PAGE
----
"For the fourth time in 12 years, not a single one of the state's 50-plus congressional districts switched parties. Just as in 2010, 2008 and 2004, every single seat returned to the party that previously controlled it," the Post reported on Dec. 1, 2016, adding that "competitiveness has only ticked up slightly (in California’s congressional districts) under the new map."
We asked Pitney how well the commission has performed:
"There’s a debate about that," he told us. "Some argue that what appeared to be a nonpartisan process was actually gamed by Democrats. Be that as it may, the real reason for Democratic dominance in congressional elections is there’s just a lot more Democrats in California than there are Republicans. The state’s been trending heavily Democratic for years."
About those dictators
Schwarzenegger also mentioned the electoral margins for dictators. That's not part of this fact-check but we thought it would be fun to check their margins, too.
In 2014, BBC News examined this topic in its article "The world of 100% election victories." Here’s what it found:
-- North Korean Supreme Leader Kim Jong-un was elected in 2014 by the communist republic’s parliament with 100% votes
-- Former North Korean Supreme Leader Kim Jong-il fared almost as well as his son in 2009, winning 99.9 % of votes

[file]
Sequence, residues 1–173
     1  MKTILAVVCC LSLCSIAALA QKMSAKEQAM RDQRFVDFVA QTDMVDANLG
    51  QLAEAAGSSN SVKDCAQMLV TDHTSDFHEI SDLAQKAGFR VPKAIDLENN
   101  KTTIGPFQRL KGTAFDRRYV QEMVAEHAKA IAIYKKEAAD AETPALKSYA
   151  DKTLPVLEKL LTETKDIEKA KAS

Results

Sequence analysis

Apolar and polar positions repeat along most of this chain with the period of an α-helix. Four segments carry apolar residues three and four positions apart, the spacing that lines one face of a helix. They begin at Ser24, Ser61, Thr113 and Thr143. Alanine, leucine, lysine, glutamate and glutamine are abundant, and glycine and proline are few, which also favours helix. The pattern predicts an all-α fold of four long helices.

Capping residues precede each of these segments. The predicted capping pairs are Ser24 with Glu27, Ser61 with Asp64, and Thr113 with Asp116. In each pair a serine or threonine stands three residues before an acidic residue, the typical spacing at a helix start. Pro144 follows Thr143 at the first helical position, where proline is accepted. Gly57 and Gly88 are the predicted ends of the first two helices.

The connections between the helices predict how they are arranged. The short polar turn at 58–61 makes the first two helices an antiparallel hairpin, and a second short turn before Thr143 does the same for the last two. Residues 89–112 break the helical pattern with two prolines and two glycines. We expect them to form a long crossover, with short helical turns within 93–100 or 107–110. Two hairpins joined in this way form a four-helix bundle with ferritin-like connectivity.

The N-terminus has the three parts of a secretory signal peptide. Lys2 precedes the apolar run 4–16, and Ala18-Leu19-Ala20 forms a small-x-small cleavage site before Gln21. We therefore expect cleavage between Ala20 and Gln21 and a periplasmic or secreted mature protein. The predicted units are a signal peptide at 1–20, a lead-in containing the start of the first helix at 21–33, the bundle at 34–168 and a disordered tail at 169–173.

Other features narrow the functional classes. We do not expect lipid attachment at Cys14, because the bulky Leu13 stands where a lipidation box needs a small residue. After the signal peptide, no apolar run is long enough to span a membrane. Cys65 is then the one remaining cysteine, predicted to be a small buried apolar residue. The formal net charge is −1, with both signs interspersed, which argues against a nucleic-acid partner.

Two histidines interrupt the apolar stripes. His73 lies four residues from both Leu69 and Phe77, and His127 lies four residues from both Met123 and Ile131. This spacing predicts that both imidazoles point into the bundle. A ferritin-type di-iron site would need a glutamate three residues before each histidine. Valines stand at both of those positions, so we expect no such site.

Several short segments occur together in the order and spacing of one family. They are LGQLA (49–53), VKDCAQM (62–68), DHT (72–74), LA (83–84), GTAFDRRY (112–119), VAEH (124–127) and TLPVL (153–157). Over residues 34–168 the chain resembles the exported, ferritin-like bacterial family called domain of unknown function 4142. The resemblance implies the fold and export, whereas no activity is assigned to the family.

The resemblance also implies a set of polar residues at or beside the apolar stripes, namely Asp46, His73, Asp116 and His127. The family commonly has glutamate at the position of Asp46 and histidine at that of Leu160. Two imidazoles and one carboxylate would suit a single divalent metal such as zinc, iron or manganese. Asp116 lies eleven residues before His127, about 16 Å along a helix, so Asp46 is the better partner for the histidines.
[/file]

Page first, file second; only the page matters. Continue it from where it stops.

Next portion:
-- Former Iraq President Saddam Hussein also won 100% votes in a 2002 referendum
-- Cuban President Raúl Castro earned 99.4% votes in his 2008 election
-- Syrian President Bashar al-Assad secured 97.6% votes for his 2007 presidential referendum.
Former California Gov. Arnold Schwarzenegger recently claimed the "average margin of victory in the House of Representatives was 37%" among Republicans and Democrats during last year’s election.
That claim is supported by the 37.1 percent margin calculated by independent election tracker ballotpedia.org and longtime politics professor Jack Pitney of Claremont McKenna College, who put the margin slightly higher at 39 percent.
The evidence shows Schwarzenegger was on target with his claim.
We rated it True.
TRUE – The statement is accurate and there’s nothing significant missing.
Click here for more on the six PolitiFact ratings and how we select facts to check.
Arnold Schwarzenegger, tweet, Feb. 23, 2017
Email interview, Daniel Ketchell, spokesman for Arnold Schwarzenegger, March 13, 2017
Phone interview, Jack Pitney, politics professor, Claremont McKenna College, March 14, 2017
Ballotpedia.org, United States House of Representatives elections, 2016, accessed March 2017
OpenSecrets.org, Reelection Rates Over the Years, accessed March 2017
The Cook Political Report, 56 Interesting Facts About the 2016 Election, Dec. 16, 2016
California Citizens Redistricting Commission, Frequently Asked Questions page, accessed March 16, 2017
BBC News, The world of 100% election victories, March 11, 2014
Washington Post, Schwarzenegger says he’s ‘pumped up’ for nationwide redistricting reform, June 6, 2014
Washington Post, California just proved how cracking down on gerrymandering isn’t all it’s cracked up to be, Dec. 1, 2017